Grilled Flatiron Steaks with Little Italy Relish

One of our favorite and least known cuts is the Flatiron Steak.  This cut comes from the front shoulder which mostly consists of tougher meat and is usually slow cooked to make it tender.  The Flatiron is unique to the front shoulder in that it is surprisingly tender and makes a phenominal steak.  The flavor of these steaks is amazing and, in our opinion, has a more complex flavor than a rib-eye.  The only negative about the Flatiron is there is a very limited amount…only 4 per cow!





Now to the recipe:

Relish –

  • 1 cup finely diced roasted red bell peppers (to roast: cover with olive oil and grill until tender)
  • 1 cup finely diced ripe tomatoes
  • 1/2 cup pitted green olives, quartered lengthwise
  • 1/2 cup pitted black olives, quartered lengthwise
  • 1/2 cup finely diced celery, preferably from the tender inside stalks
  • 1/4 cup extra virgin olive oil
  • 2 tablespoons roughly chopped fresh Italian parsley
  • 1 tablespoon red wine vinegar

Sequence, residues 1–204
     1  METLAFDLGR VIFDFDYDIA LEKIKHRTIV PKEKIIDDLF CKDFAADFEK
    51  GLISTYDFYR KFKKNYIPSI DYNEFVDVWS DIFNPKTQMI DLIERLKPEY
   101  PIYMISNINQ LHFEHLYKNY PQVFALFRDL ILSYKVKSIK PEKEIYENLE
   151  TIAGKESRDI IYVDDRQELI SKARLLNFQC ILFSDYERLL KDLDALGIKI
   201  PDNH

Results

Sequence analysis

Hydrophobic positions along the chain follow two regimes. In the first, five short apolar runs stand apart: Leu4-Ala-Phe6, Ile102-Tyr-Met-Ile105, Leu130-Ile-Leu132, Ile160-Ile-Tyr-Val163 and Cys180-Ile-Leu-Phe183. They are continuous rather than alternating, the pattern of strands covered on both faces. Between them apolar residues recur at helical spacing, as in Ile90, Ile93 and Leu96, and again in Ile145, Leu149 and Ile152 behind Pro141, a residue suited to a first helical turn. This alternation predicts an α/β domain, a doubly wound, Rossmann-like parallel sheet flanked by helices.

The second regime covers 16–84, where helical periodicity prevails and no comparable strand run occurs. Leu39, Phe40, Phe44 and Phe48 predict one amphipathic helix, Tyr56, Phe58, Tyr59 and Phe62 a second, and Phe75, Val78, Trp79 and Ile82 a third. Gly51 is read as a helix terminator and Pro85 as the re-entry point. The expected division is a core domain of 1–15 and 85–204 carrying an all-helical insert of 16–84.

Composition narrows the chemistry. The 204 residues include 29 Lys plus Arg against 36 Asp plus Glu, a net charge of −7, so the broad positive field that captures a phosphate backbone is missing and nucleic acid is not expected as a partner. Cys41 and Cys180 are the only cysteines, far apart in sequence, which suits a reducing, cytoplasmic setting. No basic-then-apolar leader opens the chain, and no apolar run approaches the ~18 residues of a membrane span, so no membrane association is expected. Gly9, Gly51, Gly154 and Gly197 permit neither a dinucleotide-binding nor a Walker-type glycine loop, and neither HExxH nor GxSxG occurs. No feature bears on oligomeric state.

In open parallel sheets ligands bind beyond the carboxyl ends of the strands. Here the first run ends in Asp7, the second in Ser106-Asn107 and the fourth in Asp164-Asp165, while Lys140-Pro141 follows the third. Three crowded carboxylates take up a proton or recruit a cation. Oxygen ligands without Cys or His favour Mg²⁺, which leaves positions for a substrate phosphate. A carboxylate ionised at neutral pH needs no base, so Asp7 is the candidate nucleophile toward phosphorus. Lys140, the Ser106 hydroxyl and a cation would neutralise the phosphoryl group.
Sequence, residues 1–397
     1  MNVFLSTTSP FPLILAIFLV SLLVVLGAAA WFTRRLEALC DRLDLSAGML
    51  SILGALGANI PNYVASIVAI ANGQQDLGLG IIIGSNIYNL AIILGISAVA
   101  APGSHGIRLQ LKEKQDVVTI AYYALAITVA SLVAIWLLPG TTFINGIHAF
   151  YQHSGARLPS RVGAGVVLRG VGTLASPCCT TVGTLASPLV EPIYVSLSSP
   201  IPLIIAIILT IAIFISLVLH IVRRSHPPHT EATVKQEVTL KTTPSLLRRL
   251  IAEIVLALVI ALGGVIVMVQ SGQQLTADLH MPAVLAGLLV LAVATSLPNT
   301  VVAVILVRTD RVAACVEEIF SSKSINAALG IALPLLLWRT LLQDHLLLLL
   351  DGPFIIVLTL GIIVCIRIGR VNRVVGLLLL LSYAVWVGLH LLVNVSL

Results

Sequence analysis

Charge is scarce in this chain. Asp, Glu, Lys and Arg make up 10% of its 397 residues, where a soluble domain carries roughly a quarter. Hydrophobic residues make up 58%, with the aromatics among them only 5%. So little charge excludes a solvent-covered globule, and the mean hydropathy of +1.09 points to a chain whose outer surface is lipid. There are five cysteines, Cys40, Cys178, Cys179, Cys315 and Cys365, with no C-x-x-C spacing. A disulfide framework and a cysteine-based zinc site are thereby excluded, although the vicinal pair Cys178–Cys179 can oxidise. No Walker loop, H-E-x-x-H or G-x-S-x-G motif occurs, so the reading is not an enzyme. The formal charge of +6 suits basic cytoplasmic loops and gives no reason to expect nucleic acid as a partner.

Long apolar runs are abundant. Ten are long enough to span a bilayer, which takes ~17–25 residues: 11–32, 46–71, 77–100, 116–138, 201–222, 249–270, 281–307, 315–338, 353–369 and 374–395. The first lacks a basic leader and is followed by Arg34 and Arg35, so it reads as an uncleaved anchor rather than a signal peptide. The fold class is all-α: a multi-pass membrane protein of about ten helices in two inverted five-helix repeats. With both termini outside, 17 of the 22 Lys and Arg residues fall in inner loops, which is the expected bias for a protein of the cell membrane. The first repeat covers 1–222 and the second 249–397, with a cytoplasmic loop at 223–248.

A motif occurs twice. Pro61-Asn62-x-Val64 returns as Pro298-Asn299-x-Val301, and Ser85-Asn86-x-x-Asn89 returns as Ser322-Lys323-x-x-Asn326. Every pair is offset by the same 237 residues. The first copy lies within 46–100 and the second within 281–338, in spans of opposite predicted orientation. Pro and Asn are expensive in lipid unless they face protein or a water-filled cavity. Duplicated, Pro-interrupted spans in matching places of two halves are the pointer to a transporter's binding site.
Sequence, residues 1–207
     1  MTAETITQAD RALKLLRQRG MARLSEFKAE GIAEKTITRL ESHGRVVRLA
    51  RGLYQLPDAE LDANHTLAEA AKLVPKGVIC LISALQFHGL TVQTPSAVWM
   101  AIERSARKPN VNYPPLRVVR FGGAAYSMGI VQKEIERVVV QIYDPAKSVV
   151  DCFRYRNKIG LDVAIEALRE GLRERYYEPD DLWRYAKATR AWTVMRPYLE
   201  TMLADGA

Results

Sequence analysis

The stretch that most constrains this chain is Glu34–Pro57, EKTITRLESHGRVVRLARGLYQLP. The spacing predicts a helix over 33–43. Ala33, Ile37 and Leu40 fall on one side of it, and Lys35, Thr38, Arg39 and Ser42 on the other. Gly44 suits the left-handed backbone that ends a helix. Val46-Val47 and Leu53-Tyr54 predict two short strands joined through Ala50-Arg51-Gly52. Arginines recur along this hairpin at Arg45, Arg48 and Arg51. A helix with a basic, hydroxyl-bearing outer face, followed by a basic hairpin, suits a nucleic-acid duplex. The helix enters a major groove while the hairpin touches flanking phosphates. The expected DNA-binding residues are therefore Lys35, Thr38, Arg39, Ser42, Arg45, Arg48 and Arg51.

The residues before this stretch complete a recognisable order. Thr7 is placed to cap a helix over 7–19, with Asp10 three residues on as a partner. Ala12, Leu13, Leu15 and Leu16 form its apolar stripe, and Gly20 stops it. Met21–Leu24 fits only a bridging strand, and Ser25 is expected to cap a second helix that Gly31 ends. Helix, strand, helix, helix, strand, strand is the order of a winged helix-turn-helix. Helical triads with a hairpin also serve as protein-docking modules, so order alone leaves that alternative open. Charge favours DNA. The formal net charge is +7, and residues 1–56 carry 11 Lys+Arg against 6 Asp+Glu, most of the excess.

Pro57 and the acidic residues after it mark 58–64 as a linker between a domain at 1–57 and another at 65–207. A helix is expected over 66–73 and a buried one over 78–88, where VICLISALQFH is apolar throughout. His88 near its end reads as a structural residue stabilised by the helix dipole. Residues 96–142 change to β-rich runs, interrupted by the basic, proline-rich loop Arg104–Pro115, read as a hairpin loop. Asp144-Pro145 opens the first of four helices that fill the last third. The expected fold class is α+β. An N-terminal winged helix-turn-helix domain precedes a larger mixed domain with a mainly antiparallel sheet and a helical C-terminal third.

• 1 teaspoon minces garlic
  • 1 teaspoon kosher salt
  • 1/2 teaspoon dried oregano
  • 1/2 teaspoon crushed red pepper flakes

To make the relish:  In a medium bowl, mix the relish ingredients.  Set aside at room temperature for 2 hours before serving to release juices and blend in flavors.

Gilling the Flatirons – P1050563-2

  • 2 Flatiron steaks
  • Extra virgin olive oil
  • 1 teaspoon kosher salt
  • 1/2 teaspoon freshly ground black pepper

Allow the steaks to stand at room temperature for 20 to 30 minutes before grilling.  Lighlty brush the steaks with oil and season.  Grill the steaks over Direct High heat to seal-in the moisture and cook until your desired doneness, turning only once.  If you overcook these thin steaks, they will be tougher, so we always err on the side of rare.  For medium-rare, 4-6 minutes can put you in the ball-park.  Remove from the grill and let rest 2 to 3 minutes.  Cut ACROSS the grain into 1/2 inch or thinner slices and serve warm with the relish generously spooned over the top.

If anticipating leftovers, we make sure and have a baguette on hand.  We slice the baguette and add the meat and relish between  slices, making wonderful little sandwiches! (That is, if you have any leftovers!)

This recipe is from Weber’s Real Grilling by Jamie Purviance.

ox · bow
/ 'äks,bō /
An abandoned channel in the course of a river, shaped like a U. We graze our cows on the ancient "oxbows" of the Bitterroot River, where these sub-irrigated fertile remnants of the Bitterroot provide lush feed for grass-finishing cattle.